In the Software Location section, accept the default value or enter the Oracle home directory path in which you want to install Oracle components. The directory path should not contain spaces. Click Next.

    7. In the Create Inventory screen, you are prompted by the installer to specify the directory path for central inventory the first time you install Oracle software on your computer. Select the oraInventory Group Name of the operating system group that should own the Oracle Inventory directory (the Oracle Inventory group), and click Next.

      Note:

      By default, the Oracle Inventory directory is not installed under the Oracle Base directory. This is because all Oracle software installations share a common Oracle Inventory, so there is only one Oracle Inventory for all users, whereas there is a separate Oracle Base for each user.
    8. The Perform Prerequisite Checks screen verifies if your computer meets the minimum system requirements to install the desired product. Click Next.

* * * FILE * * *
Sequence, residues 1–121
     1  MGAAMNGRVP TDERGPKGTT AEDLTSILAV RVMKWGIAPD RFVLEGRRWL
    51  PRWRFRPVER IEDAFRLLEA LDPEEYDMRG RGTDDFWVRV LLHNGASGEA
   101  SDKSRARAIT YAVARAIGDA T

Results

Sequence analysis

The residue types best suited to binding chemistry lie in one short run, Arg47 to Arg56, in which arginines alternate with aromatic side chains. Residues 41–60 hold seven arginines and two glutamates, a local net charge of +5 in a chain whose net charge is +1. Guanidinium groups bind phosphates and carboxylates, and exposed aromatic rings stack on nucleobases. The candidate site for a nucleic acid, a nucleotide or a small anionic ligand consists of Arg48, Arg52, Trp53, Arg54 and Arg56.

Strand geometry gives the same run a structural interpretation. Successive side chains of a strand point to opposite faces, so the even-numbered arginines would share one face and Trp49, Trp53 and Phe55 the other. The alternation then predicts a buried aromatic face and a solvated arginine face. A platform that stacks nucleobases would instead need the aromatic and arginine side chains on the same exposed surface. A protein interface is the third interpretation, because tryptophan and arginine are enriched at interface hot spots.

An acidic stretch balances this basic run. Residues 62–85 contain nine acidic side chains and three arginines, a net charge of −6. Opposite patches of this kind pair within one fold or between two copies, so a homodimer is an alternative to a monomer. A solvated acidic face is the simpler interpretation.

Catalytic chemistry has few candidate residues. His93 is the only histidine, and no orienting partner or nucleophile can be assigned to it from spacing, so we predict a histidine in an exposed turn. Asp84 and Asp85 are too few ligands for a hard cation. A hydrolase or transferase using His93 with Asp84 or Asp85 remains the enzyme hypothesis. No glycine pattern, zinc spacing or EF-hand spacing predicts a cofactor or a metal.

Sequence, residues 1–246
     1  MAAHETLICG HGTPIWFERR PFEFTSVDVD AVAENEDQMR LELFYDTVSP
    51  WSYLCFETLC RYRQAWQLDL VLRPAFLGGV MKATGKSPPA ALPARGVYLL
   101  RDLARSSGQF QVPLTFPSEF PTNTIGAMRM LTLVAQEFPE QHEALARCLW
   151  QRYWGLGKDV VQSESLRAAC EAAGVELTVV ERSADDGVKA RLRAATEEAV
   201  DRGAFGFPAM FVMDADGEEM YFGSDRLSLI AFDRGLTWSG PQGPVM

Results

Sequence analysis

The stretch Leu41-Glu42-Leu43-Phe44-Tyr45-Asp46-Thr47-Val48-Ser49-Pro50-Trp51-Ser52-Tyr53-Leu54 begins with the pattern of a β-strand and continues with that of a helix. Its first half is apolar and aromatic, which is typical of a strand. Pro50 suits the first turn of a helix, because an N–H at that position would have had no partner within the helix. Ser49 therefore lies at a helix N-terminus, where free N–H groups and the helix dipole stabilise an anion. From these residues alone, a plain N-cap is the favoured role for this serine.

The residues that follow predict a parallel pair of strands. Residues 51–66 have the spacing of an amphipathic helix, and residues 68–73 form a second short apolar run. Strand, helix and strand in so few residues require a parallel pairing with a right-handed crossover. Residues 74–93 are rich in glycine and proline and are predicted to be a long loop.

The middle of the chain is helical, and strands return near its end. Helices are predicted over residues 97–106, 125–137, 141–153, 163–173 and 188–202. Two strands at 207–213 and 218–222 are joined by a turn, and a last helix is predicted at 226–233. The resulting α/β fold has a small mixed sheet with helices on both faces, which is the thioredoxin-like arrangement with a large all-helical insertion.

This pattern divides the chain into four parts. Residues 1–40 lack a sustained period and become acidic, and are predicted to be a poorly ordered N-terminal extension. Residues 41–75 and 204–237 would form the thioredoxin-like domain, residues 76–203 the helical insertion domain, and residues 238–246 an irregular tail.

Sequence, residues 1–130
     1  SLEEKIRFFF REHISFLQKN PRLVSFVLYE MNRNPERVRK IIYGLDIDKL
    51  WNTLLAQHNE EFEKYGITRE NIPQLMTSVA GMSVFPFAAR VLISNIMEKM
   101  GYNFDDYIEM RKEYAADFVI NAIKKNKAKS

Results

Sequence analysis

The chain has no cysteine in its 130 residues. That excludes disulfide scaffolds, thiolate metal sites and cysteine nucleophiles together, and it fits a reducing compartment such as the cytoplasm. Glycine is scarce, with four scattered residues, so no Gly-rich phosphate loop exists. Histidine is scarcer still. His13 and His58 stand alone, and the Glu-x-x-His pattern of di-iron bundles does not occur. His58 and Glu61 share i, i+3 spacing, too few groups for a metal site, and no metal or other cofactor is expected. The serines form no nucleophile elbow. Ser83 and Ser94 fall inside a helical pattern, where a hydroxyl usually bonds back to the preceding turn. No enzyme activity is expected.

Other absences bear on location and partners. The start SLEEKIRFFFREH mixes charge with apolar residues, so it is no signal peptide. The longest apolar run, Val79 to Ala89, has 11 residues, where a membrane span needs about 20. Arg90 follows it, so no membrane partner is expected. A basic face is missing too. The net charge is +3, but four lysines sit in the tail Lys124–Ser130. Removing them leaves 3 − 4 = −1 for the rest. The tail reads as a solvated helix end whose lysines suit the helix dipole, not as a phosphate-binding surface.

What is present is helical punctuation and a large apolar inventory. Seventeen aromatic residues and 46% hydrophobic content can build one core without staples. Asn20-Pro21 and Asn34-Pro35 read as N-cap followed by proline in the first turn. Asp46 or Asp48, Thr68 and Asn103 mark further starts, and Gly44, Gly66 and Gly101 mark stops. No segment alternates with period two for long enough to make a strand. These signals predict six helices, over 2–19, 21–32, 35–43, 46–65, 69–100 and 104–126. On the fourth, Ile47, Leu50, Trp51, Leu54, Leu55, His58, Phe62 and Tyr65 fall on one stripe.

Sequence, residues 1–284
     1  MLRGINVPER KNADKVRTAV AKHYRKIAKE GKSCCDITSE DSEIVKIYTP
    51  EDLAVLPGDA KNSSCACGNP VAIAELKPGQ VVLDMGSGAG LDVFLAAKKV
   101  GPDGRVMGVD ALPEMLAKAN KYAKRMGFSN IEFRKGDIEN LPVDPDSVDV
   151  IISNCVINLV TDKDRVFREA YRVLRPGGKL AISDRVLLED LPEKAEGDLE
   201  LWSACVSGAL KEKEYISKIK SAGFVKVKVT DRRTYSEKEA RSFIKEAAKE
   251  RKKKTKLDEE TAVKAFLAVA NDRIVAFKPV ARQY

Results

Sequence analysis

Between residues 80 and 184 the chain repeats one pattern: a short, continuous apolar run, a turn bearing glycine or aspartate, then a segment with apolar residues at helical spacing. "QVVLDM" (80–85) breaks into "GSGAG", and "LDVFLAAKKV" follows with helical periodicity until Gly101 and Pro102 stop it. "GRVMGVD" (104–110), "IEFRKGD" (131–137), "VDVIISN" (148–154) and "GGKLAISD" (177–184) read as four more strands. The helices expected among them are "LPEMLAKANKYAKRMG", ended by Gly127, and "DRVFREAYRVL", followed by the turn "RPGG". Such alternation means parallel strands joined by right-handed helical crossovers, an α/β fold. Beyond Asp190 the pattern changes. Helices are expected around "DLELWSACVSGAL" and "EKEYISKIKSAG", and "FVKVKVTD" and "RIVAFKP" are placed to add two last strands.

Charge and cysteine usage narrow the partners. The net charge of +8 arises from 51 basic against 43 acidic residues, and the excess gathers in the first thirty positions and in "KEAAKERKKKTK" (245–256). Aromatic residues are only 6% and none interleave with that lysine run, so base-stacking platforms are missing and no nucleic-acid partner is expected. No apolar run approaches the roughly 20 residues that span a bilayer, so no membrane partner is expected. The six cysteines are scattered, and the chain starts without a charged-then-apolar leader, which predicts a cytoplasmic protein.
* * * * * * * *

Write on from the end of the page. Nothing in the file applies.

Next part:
Note: Oracle recommends that you use caution in checking the Ignore All option. If you check this option, then Oracle Universal Installer may not confirm if your system can install Oracle Database successfully.

    9. Review the information displayed in the Summary screen, and click Finish.

      Note:

      Starting with Oracle Database 11g Release 2 (11.2), you can save all the installation steps into a response file by clicking Save Response File. Later, this file can be used for a silent installation.
    10. The Install Product screen states the progress of a client installation. After Oracle Database Client is installed, execute the root.sh script as a root user to complete the installation, and click OK.